We are all aware that computer security and the protection of personal data have become issues since the day the Internet was invented. From the beginning, people have tried to get around the laws and do harm to others. In 1903, when John Ambrose Fleming was trying to demonstrate a secure method of distance communication, Nevil Maskelyne, a magician-inventor, found a way to disrupt the public demonstration by projecting insults in Morse code onto the screen. Since then, as soon as new technology comes out, groups of people devote their time to looking for flaws to exploit.
With the arrival of the Internet, these occurrences have increased at an exponential rate, and even more so since the emergence of e-commerce. These new trends have allowed pirating to become more frequent and focus on only one goal: making money.
These days, a number of people keep their credit card information on their computers. Therefore, if someone accessed their system, the person would be able to obtain all of this information easily. Alternatively, if these malicious people find a flaw on a transactional site, they would be able to collect the credit card information of all of its visitors who have made transactions. I remember this happening in 1999, with a list of 5000 credit cards and all of the information required for fraudsters to treat themselves! It must be said that at that time, computer security was nowhere near what it is today.
Surprisingly, the vast majority of the population remains oblivious to the phishing problem. For ill-intentioned computer experts, it is now easy to impersonate a bank or even a family member or friend to convince you to send them your banking information, so they can withdraw money. Even if you are vigilant when you browse, hackers still manage to adapt and find new ways to commit fraud. Here are three techniques that are currently used by fraudsters:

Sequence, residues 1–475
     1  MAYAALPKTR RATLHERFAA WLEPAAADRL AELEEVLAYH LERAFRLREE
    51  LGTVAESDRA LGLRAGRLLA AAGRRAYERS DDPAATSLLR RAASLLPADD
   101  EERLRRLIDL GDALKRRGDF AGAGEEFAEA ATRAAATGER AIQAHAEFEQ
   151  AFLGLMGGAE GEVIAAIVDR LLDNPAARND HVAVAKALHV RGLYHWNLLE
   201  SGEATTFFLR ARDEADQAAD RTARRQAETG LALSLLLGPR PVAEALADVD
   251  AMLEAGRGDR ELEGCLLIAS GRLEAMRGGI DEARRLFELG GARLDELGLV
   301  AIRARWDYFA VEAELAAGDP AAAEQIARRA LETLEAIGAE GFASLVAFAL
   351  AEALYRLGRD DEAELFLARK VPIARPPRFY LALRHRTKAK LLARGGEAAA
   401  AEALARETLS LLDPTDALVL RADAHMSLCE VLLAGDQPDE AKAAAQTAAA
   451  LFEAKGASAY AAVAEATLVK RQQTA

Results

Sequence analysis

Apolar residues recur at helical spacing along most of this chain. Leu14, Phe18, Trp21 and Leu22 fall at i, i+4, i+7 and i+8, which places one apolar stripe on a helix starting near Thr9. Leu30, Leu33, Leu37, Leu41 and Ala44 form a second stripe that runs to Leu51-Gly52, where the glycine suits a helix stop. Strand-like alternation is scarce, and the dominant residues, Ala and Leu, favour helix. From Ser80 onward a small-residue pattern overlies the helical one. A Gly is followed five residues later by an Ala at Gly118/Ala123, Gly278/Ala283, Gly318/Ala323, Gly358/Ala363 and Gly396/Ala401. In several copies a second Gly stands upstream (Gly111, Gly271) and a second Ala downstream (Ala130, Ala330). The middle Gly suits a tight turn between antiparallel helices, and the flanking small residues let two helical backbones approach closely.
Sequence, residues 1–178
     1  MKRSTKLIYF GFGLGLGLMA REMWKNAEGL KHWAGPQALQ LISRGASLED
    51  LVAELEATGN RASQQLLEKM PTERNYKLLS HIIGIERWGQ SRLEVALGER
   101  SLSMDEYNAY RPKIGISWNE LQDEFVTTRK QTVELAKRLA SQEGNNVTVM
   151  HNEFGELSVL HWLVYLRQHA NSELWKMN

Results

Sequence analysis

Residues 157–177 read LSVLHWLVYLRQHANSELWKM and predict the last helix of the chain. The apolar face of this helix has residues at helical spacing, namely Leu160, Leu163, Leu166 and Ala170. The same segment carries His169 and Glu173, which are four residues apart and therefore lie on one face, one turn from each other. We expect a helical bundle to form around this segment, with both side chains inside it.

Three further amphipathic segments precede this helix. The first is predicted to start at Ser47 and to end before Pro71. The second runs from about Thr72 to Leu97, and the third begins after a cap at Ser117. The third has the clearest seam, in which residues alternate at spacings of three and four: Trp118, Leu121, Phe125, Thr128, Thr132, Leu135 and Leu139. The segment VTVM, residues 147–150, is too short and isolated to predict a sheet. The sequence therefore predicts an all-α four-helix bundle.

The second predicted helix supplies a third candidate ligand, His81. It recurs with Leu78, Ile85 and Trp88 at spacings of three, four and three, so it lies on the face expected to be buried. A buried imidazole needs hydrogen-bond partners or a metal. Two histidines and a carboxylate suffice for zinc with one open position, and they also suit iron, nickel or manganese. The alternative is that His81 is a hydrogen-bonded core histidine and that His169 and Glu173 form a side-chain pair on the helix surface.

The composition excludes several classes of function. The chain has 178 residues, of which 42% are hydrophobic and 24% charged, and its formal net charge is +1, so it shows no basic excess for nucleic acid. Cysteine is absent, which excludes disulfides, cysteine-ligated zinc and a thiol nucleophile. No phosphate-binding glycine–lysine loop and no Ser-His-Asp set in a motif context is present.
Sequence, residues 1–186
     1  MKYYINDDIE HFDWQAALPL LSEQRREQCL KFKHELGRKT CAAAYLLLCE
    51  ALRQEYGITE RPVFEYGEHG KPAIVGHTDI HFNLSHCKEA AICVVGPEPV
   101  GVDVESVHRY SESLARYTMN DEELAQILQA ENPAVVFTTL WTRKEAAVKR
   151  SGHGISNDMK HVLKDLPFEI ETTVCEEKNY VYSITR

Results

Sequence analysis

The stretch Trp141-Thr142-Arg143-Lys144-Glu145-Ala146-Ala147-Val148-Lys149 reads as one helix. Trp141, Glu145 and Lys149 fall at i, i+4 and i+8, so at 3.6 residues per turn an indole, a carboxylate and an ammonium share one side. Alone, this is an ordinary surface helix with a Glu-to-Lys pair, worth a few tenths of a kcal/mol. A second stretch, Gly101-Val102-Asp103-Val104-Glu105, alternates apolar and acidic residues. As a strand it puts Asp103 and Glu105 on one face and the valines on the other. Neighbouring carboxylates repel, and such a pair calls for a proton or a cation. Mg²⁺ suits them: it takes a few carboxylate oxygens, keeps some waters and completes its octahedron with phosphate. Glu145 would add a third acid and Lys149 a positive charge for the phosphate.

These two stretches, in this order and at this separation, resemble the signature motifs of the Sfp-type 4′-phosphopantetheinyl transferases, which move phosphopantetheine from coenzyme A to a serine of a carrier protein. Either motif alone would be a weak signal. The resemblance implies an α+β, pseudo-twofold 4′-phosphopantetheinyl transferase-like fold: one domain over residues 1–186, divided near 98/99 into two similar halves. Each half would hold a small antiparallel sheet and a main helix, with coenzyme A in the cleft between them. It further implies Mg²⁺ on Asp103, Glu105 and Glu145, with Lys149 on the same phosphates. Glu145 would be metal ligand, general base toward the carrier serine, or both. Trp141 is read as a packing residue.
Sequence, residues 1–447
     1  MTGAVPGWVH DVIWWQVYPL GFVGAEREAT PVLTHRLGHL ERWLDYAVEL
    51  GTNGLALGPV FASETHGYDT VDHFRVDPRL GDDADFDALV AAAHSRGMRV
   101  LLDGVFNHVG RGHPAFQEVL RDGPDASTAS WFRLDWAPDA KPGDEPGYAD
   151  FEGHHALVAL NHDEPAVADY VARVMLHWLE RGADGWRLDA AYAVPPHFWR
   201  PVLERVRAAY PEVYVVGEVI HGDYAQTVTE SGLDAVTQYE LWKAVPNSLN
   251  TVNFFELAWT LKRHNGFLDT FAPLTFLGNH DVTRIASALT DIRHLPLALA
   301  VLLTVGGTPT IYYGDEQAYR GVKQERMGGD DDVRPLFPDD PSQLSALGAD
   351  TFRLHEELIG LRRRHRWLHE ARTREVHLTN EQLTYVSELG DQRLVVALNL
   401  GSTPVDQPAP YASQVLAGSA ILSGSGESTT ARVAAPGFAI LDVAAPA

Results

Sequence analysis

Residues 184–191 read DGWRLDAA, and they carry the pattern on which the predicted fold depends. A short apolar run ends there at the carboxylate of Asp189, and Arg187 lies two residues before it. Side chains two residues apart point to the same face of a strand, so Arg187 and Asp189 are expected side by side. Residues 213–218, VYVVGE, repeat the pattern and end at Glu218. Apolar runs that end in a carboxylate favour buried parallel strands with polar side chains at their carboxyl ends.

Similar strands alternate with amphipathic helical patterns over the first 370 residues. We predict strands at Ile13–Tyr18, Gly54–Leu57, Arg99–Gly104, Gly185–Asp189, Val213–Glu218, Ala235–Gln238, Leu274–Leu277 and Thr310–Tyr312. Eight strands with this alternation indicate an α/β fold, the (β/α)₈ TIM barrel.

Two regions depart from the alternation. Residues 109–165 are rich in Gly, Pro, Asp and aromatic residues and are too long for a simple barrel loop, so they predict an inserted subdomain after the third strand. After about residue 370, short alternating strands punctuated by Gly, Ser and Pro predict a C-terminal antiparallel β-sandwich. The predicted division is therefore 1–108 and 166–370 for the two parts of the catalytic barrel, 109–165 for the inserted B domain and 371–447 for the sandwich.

According to the Office québécois de la langue française, this term refers to a “scamming attempt based on identity theft, consisting in sending out a mass email, seemingly issued by a financial institution or commercial enterprise, aimed at obtaining confidential information” [our translation]. This tactic is most commonly used in two situations: fraudulent emails from banking institutions and CEO fraud. The latter consists in the theft of the electronic signature of an employee of a company to then modify it to that of the CEO, asking for an urgent bank transfer for a given reason. It’s a clever enough technique because it seems to work more often than you’d think!
Ransomware is “malicious software that unlocks a computer or encrypts data, with the goal of extorting money from the user” [our translation] (Office québécois de la langue française, 2018). In simple terms, hackers find ways to access your computer and encrypt your files using an indecipherable encryption key that only they have. In most cases, this type of fraud is directed at companies that often end up paying the amount in order to once again have access to their systems. This type of attack could have serious repercussions for companies, which is why it is important to have cyber-risk insurance. Unfortunately, it is possible that you may still not be able to recover your files once the ransom is paid. To avoid trouble, think about maintaining an external backup of all of your data and keeping your cyber-protection up to date for your entire network.
Even though these terms have different definitions, these two lesser-known types of fraud ultimately have the same goal: “to collect and transmit to third parties, unbeknownst to the user, data about the user or information about the system being used” [our translation] (Office québécois de la langue française, 2007). It is not uncommon for these two types of software to never be found, as they can remain on your computer for several years. They can infiltrate your system through attractive Web advertisements, Facebook invitations, or suspicious emails that tell you that you have a package to pick up when you haven’t ordered anything. As such, you click on a link that does not seem to cause immediate damage, but your computer becomes infected by software that blends in with your system. You can use the following link to determine whether your system has been infected: https://www.malwarebytes.com/.
Now that you know a little bit more about the criminal practices that some people are involved in on the Web, we encourage you to become even more vigilant when you browse on your computer. Don’t hesitate to protect yourself with antivirus software or to call your Lareau broker to learn more about cyber-risk coverage.